The Price Of a Single Copy Of The New Yorker

I was amazed when I recently noticed the price of a single copy of The New Yorker magazine: $8.99. I wonder if anyone has ever paid that much. I suppose if your grandchild had an article in one, you might pay that for a few extra copies to hand out.

I love their covers, and have been scanning those that especially appealed to me for a long time. The price is printed on each cover, so I can go back and see the rise over the years. It is not pretty. (This one shown is from April, 1965, and the price is coyly written out as “Price 25 cents.” The list below is of sample issues.)

Year   Price per single issue
1965     $0.25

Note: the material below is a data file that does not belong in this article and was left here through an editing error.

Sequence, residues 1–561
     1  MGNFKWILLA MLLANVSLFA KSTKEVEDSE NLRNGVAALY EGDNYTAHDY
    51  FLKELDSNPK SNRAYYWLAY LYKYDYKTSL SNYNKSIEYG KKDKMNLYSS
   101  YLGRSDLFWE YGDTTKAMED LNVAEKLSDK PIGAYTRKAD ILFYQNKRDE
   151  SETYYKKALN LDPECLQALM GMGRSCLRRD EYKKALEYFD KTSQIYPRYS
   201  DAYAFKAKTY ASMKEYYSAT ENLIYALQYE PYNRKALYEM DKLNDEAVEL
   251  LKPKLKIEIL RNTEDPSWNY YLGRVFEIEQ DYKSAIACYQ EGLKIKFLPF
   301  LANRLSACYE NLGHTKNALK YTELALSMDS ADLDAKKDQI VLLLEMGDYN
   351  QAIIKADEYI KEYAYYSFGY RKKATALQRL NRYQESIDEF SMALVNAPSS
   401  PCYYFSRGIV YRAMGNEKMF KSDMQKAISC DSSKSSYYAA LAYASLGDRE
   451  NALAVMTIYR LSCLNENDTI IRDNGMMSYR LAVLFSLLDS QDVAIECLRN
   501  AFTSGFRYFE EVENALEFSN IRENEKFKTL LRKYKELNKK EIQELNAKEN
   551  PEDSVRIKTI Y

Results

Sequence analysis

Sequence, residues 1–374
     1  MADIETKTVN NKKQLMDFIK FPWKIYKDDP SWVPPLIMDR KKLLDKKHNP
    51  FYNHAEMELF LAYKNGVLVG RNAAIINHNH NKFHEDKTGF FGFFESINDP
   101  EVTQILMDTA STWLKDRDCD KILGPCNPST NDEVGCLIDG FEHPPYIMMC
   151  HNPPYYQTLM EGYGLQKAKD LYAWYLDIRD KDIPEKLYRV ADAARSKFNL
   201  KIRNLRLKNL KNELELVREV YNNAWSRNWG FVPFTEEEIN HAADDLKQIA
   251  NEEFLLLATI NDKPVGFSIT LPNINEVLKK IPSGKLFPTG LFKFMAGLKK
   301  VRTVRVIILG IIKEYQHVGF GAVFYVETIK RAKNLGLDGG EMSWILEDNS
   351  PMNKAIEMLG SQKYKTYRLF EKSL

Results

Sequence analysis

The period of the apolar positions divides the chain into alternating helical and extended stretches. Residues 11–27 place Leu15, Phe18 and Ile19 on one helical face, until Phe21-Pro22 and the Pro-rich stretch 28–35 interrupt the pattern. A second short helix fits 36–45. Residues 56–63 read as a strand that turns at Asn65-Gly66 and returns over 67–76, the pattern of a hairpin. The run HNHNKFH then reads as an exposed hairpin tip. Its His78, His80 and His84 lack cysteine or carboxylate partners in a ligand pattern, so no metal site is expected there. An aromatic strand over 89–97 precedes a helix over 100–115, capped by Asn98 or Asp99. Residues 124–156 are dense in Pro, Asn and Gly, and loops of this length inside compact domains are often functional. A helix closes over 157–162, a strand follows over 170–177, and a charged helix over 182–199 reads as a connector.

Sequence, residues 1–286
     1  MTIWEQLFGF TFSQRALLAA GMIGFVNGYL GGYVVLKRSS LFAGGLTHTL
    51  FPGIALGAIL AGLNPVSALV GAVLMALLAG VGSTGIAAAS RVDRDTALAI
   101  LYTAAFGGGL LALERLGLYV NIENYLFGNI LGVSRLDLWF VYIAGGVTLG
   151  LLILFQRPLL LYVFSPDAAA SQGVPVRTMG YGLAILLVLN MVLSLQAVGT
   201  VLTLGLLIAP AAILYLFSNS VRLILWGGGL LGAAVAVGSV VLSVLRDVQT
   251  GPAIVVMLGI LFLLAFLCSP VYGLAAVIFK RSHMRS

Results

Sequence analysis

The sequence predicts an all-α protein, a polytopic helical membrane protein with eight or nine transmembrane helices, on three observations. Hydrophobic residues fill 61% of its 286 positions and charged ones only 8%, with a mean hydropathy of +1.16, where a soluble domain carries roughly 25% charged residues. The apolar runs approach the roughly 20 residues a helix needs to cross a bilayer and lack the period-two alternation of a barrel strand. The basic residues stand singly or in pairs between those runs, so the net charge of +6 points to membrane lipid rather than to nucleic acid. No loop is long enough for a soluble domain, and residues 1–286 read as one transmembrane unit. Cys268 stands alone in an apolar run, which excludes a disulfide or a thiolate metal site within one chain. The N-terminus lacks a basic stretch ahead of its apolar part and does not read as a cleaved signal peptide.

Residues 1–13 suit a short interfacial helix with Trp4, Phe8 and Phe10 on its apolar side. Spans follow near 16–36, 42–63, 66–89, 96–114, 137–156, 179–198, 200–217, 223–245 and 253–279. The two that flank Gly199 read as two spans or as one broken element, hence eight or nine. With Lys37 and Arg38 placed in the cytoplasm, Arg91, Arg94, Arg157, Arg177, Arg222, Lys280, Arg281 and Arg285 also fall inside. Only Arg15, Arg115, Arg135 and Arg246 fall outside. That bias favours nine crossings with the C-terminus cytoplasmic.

1973     $0.50
1975     $0.60
1979     $1.00
1981     $1.25
2003    $3.95
2009    $4.99
2012    $5.99
2012   $6.99
2018   $8.99

Setting the price is their business, and I will not second-guess them. Perhaps it is only to claim what a bargain a subscription is, or perhaps purchasers of single-issues will pay any price, seeing it as only a one-time expense, or, most likely, the expense involved in handling individual issues is high. I have never purchased a single issue, and probably never will, so its price does not matter to me. I was just wondering.

(I started out just tearing off the covers I liked and storing them in a folder. I was a fan of those by Gretchen Dow Simpson and by cartoonist George Booth (and, of course, Saul Steinberg, who was still living then). Only later did I scan them and store them on my computer. I also kept a folder of New Yorker cartoons and another folder of their line art. All are now instantly accessible on my desktop computer.)


About Roger Walck

My reasons for writing this blog are spelled out in the posting of 10/1/2012, Montaigne's Essays. They are probably not what you think.
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